The Intergenerational Report underestimates climate threat: an open letter to the government by Andrew Glikson, The Conversation US Pilot, Mar 11, 2015

Twin’ cyclones could jolt weak El Nino

Weather geeks have been fixated this week on an unusual meteorological phenomenon over the Pacific Ocean: Two tropical cyclones are spinning directly across the equator from each other.

But these “twin” cyclones aren’t just a satellite spectacle, they could give a jolt to the El Niño that was officially declared by U.S. forecasters last week after months of sitting on the fence. This El Niño is a weak one, expected to have little impact on weather in the U.S. The two storms that could provide a boost, however, are Cyclone Pam, churning over the South Pacific at about 14 degrees south latitude, threatening the islands of Vanuatu and Fiji with strong, damaging winds and storm surge, and Tropical Depression 3 (or Bavi), spinning over the northern Pacific near 10 degrees north latitude heading towards Guam.

Together, the cyclones and El Niño illustrate the interplay between short-term weather and longer-term climate cycles, in this case potentially reinforcing each other. It is unclear, though, whether the cyclones caused a westerly wind burst ramping up the El Niño, or if it was the El Niño pattern that spawned the cyclones.

‘Twin’ Cyclones Could Jolt Weak El Nino by Andrea Thompson, Climate Central, Mar 13, 2015

Will natural gas dim solar’s shine?

On the outskirts of downtown St. Paul, Minn., Xcel Energy’s High Bridge Generating Station offers an iconic view of the current state of electrical generation in the United States. Opened in 2008 as a replacement for an aging coal plant, the 534-megawatt natural gas facility looms over three solar photovoltaic panels that provide a sculptural element to the site in addition to 9.8 kilowatts of electricity.

In the United States in 2014, PV accounted for around half of a percent of the nation’s electricity production compared with natural gas’s 27 percent, according to the U.S. Energy Information Administration. Yet if PV seems more ornamental than a serious energy contender, the data over the past two years documenting a dramatic increase in PV generation show a promising rookie ready to compete in the big leagues.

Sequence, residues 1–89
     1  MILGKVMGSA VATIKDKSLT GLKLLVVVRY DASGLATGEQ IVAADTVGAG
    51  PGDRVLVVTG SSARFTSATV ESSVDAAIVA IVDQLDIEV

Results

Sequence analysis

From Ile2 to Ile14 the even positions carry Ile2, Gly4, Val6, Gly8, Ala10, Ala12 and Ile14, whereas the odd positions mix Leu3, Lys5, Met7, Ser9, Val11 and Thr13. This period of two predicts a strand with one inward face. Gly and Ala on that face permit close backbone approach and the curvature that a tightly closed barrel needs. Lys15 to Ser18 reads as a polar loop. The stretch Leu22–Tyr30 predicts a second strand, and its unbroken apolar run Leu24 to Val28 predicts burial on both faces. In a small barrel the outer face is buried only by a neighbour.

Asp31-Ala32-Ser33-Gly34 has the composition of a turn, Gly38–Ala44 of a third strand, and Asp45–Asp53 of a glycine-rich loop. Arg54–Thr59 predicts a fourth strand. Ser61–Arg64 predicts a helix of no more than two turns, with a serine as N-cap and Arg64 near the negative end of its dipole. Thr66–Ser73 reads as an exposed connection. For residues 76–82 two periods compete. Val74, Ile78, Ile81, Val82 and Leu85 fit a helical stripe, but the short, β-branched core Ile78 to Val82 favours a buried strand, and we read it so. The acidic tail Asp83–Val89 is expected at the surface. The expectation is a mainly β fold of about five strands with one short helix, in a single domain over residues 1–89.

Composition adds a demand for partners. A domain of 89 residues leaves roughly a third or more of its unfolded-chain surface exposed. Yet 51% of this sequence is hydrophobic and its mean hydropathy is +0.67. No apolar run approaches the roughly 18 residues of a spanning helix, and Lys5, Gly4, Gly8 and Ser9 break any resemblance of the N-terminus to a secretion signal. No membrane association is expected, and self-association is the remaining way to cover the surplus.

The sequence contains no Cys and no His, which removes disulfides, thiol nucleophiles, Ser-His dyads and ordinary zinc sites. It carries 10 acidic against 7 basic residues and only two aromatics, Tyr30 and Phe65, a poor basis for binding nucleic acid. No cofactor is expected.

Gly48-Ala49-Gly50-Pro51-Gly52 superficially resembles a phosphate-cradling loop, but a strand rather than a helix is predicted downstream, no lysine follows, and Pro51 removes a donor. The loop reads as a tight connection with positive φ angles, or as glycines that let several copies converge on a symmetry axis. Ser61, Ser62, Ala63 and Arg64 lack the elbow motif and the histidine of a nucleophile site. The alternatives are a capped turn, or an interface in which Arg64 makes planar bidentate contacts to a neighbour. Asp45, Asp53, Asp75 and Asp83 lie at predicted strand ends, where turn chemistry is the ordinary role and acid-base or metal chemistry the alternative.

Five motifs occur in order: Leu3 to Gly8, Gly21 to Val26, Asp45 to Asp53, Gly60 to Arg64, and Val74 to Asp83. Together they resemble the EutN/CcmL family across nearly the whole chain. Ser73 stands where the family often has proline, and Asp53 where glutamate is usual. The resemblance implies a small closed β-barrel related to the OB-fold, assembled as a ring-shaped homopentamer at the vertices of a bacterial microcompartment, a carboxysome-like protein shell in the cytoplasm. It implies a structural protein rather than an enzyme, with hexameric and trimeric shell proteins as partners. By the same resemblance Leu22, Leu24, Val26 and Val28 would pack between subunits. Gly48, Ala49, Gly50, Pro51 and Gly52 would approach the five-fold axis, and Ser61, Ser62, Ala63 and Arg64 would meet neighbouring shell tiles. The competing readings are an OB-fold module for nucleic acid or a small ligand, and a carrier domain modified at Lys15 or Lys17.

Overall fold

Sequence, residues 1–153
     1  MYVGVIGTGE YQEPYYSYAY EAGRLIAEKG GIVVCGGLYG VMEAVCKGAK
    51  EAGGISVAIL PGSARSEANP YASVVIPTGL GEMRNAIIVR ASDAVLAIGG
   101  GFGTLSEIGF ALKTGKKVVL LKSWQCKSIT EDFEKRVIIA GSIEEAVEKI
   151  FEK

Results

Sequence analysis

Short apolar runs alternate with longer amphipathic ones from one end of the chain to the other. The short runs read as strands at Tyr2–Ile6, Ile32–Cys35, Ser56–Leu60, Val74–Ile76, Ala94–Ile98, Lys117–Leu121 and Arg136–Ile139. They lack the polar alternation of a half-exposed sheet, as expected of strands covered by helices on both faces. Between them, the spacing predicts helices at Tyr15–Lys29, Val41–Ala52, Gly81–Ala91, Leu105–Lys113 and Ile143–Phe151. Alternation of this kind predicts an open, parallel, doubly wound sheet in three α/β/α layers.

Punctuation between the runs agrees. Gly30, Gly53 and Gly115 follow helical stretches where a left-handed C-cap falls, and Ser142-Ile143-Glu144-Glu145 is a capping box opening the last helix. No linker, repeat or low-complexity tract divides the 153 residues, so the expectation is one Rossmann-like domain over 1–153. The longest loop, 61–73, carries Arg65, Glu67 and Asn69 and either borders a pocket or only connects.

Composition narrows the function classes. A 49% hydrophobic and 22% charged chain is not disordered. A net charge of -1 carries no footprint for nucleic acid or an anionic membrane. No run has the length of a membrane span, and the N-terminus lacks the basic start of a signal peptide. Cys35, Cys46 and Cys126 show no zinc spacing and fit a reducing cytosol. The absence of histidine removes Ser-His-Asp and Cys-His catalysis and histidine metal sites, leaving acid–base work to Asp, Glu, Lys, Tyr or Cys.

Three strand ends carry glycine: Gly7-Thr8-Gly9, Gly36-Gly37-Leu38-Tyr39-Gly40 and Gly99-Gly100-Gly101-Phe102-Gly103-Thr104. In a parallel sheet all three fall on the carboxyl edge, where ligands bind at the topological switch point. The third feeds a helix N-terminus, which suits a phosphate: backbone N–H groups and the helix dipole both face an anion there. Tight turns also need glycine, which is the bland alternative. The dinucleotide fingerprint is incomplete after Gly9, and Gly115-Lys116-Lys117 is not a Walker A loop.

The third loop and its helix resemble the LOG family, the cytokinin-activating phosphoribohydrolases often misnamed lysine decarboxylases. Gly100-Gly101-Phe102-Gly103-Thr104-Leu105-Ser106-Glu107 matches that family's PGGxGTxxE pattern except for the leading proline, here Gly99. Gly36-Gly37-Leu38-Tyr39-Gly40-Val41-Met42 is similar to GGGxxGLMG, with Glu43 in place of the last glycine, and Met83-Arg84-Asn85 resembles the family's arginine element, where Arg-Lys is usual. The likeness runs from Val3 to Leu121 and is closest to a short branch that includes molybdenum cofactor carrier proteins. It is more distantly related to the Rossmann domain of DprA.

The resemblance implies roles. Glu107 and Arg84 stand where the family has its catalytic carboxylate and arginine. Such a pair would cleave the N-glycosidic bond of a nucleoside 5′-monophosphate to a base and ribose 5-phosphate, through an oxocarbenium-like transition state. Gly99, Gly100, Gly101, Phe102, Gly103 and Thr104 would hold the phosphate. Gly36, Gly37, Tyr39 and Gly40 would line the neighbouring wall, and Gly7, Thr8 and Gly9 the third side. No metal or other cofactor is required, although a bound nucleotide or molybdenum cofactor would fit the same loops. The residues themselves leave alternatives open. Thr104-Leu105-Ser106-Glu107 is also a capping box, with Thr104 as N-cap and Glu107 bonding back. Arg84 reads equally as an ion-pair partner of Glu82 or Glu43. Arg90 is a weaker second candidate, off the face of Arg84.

Will Natural Gas Dim Solar’s Shine? by Frank Jossi, Ensia, Climate Central, Mar 14, 2014

Wind could supply a third of the country’s power needs by 2050, government says

Wind power could provide more than a third of the country’s electricity by 2050 while yielding a net savings in energy costs paid by consumers, the Energy Department reported in a major study released Thursday.

Continued growth of wind energy—which has tripled since 2000 and now supplies nearly 5 percent of the country’s electric power—also could dramatically reduce air pollution and go a long way toward meeting the country’s goals on slowing climate change, the report said.

But the study also warned that consistent government policies were critical to avoiding “boom and bust” cycles for investment in wind energy. Congress must keep wind-friendly tax policies in place to minimize market uncertainty about future returns on investments in wind turbines, Energy Department officials said.

Wind could supply a third of the country’s power needs by 2050, government says by Joby Warrick, Energy & Environment, Washington Post, Mar 12, 2015